In 2012-2013 Washington used the Measurements of Student Progress (MSP) to test students in reading and math in grades 3 through 8, in writing in grades 4 and 7, and in science in grades 5 and 8. The MSP is a standards-based test, which means it measures how well students are mastering specific skills defined for each grade by the state of Washington. The goal is for all students to score at or above the state standard.

Source: Washington Office of Superintendent of Public Instruction

Math

The state average for Math was 64% in 2013.

233 students were tested at this school in 2013.

2013

 
 
60%

2012

 
 
60%

2011

 
 
63%

2010

 
 
65%
Reading

The state average for Reading was 69% in 2013.

233 students were tested at this school in 2013.

2013

 
 
64%

2012

 
 
79%

2011

 
 
62%

2010

 
 
77%
Writing

The state average for Writing was 71% in 2013.

231 students were tested at this school in 2013.

2013

 
 
79%

2012

 
 
82%

2011

 
 
80%

2010

 
 
82%
Scale: % basic, level 3, or level 4

About the tests


In 2012-2013 Washington used the Measurements of Student Progress (MSP) to test students in reading and math in grades 3 through 8, in writing in grades 4 and 7, and in science in grades 5 and 8. The MSP is a standards-based test, which means it measures how well students are mastering specific skills defined for each grade by the state of Washington. The goal is for all students to score at or above the state standard.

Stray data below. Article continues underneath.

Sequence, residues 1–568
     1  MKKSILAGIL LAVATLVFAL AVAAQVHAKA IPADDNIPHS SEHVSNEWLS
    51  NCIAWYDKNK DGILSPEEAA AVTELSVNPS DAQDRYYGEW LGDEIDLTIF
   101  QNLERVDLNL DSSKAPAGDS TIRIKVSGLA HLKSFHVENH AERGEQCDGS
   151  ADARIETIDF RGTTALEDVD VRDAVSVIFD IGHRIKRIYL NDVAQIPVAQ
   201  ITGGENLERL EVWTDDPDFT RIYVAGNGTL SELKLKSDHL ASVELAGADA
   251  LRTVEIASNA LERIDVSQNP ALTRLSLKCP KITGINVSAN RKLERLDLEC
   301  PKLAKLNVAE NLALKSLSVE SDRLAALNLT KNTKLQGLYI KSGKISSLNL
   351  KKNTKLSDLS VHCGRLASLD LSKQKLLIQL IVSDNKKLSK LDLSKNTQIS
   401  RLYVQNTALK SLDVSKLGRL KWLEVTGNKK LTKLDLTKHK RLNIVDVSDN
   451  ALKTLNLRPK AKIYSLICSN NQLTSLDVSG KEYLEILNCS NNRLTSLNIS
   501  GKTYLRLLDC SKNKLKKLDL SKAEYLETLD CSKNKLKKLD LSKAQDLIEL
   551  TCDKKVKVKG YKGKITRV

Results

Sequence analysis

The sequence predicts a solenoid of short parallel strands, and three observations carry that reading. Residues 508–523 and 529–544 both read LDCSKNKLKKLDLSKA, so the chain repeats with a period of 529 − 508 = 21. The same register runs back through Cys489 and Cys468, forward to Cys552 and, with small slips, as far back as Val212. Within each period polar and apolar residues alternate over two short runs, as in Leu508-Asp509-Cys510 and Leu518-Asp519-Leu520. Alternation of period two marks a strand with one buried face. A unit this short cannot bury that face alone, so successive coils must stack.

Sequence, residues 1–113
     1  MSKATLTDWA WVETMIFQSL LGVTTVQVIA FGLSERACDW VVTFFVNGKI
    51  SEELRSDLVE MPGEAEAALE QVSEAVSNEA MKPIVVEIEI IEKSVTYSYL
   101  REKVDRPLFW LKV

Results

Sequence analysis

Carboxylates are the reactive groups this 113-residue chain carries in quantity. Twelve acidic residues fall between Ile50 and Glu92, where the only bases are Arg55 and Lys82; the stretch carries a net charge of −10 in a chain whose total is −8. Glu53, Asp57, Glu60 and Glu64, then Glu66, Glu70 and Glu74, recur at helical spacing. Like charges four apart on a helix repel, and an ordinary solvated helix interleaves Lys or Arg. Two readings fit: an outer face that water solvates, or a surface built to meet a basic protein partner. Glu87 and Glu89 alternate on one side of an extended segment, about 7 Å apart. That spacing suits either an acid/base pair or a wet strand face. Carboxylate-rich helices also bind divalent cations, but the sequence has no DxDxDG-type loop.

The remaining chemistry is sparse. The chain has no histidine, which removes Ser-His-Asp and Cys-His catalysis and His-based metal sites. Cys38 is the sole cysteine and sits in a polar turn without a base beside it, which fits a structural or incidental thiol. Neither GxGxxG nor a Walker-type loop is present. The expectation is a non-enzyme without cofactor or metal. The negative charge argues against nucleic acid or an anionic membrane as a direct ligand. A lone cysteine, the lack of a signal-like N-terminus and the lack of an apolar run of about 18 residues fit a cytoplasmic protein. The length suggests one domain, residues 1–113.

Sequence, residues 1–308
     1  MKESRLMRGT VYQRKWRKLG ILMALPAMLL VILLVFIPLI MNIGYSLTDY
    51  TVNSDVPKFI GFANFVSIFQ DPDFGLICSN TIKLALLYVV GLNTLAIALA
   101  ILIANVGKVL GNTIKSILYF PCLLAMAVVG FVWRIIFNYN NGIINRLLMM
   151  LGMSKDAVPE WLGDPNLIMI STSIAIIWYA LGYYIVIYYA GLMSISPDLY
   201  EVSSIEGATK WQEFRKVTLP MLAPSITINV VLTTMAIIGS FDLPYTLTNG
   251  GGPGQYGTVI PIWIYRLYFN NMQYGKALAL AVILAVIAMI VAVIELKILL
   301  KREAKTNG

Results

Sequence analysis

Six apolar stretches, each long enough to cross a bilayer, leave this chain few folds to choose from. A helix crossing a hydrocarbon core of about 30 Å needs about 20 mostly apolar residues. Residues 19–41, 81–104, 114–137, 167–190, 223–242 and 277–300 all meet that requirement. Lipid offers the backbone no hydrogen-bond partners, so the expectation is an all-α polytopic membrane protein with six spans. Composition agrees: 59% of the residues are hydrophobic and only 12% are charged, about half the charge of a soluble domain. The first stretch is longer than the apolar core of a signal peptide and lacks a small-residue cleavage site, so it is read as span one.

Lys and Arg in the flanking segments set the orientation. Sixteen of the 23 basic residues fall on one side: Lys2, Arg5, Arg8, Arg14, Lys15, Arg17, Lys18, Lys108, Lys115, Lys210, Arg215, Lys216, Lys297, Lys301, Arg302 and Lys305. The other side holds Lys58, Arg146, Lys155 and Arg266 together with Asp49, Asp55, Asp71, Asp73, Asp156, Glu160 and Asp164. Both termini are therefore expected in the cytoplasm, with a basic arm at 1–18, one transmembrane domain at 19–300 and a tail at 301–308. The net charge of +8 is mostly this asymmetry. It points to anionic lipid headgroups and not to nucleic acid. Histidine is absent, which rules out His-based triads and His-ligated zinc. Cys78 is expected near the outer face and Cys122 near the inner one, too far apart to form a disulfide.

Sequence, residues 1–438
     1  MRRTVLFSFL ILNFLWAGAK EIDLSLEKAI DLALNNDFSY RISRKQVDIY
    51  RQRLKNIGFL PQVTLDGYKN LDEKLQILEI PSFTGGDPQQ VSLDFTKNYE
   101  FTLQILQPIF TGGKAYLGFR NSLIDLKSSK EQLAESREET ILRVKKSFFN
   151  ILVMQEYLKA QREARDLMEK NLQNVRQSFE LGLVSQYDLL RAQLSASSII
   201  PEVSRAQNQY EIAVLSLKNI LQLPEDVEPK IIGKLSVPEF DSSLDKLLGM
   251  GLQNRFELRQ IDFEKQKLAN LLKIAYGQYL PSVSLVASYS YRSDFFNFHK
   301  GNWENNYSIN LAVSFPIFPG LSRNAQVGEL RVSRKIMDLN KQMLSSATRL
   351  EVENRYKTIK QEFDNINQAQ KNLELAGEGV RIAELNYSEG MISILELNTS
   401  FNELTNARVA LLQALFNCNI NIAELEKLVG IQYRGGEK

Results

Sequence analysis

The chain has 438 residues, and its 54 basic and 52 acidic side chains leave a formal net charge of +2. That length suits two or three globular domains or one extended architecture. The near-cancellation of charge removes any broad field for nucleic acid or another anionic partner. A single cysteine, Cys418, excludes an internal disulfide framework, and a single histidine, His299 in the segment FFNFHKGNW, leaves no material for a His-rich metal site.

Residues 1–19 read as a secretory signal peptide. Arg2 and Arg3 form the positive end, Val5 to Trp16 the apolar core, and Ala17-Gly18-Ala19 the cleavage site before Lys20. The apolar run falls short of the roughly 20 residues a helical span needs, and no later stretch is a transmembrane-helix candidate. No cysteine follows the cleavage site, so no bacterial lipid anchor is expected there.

Source: Washington Office of Superintendent of Public Instruction

Math

The state average for Math was 53% in 2013.

296 students were tested at this school in 2013.

2013

 
 
47%

2012

 
 
52%

2011

 
 
56%

2010

 
 
57%
Reading

The state average for Reading was 66% in 2013.

297 students were tested at this school in 2013.

2013

 
 
66%

2012

 
 
76%

2011

 
 
72%

2010

 
 
78%
Science

The state average for Science was 65% in 2013.

296 students were tested at this school in 2013.

2013

 
 
77%

2012

 
 
87%

2011

 
 
78%

2010

 
 
66%
Scale: % basic, level 3, or level 4

About the tests


In 2012-2013 Washington used the Measurements of Student Progress (MSP) to test students in reading and math in grades 3 through 8, in writing in grades 4 and 7, and in science in grades 5 and 8. The MSP is a standards-based test, which means it measures how well students are mastering specific skills defined for each grade by the state of Washington. The goal is for all students to score at or above the state standard.

Source: Washington Office of Superintendent of Public Instruction

Math

All Students68%
Female66%
Male69%
Blackn/a
Asiann/a
Asian/Pacific Islandern/a
Hispanic60%
Native Americann/a
Pacific Islandern/a
White67%
Low income47%
Not low income77%
Special education24%